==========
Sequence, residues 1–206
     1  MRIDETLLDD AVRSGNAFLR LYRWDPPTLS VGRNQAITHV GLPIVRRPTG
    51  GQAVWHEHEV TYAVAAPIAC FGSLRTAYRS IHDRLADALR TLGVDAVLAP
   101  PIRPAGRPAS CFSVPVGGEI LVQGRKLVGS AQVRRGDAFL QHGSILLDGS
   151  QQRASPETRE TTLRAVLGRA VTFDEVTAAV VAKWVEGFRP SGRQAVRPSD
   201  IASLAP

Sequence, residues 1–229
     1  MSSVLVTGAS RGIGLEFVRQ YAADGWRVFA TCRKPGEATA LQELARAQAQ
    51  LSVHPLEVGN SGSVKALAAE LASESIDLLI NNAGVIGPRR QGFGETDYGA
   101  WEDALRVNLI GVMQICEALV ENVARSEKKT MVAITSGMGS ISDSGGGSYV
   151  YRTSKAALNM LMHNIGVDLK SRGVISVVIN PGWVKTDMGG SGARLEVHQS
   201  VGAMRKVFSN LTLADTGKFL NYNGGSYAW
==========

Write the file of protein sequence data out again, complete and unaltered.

Sequence, residues 1–206
     1  MRIDETLLDD AVRSGNAFLR LYRWDPPTLS VGRNQAITHV GLPIVRRPTG
    51  GQAVWHEHEV TYAVAAPIAC FGSLRTAYRS IHDRLADALR TLGVDAVLAP
   101  PIRPAGRPAS CFSVPVGGEI LVQGRKLVGS AQVRRGDAFL QHGSILLDGS
   151  QQRASPETRE TTLRAVLGRA VTFDEVTAAV VAKWVEGFRP SGRQAVRPSD
   201  IASLAP

Sequence, residues 1–229
     1  MSSVLVTGAS RGIGLEFVRQ YAADGWRVFA TCRKPGEATA LQELARAQAQ
    51  LSVHPLEVGN SGSVKALAAE LASESIDLLI NNAGVIGPRR QGFGETDYGA
   101  WEDALRVNLI GVMQICEALV ENVARSEKKT MVAITSGMGS ISDSGGGSYV
   151  YRTSKAALNM LMHNIGVDLK SRGVISVVIN PGWVKTDMGG SGARLEVHQS
   201  VGAMRKVFSN LTLADTGKFL NYNGGSYAW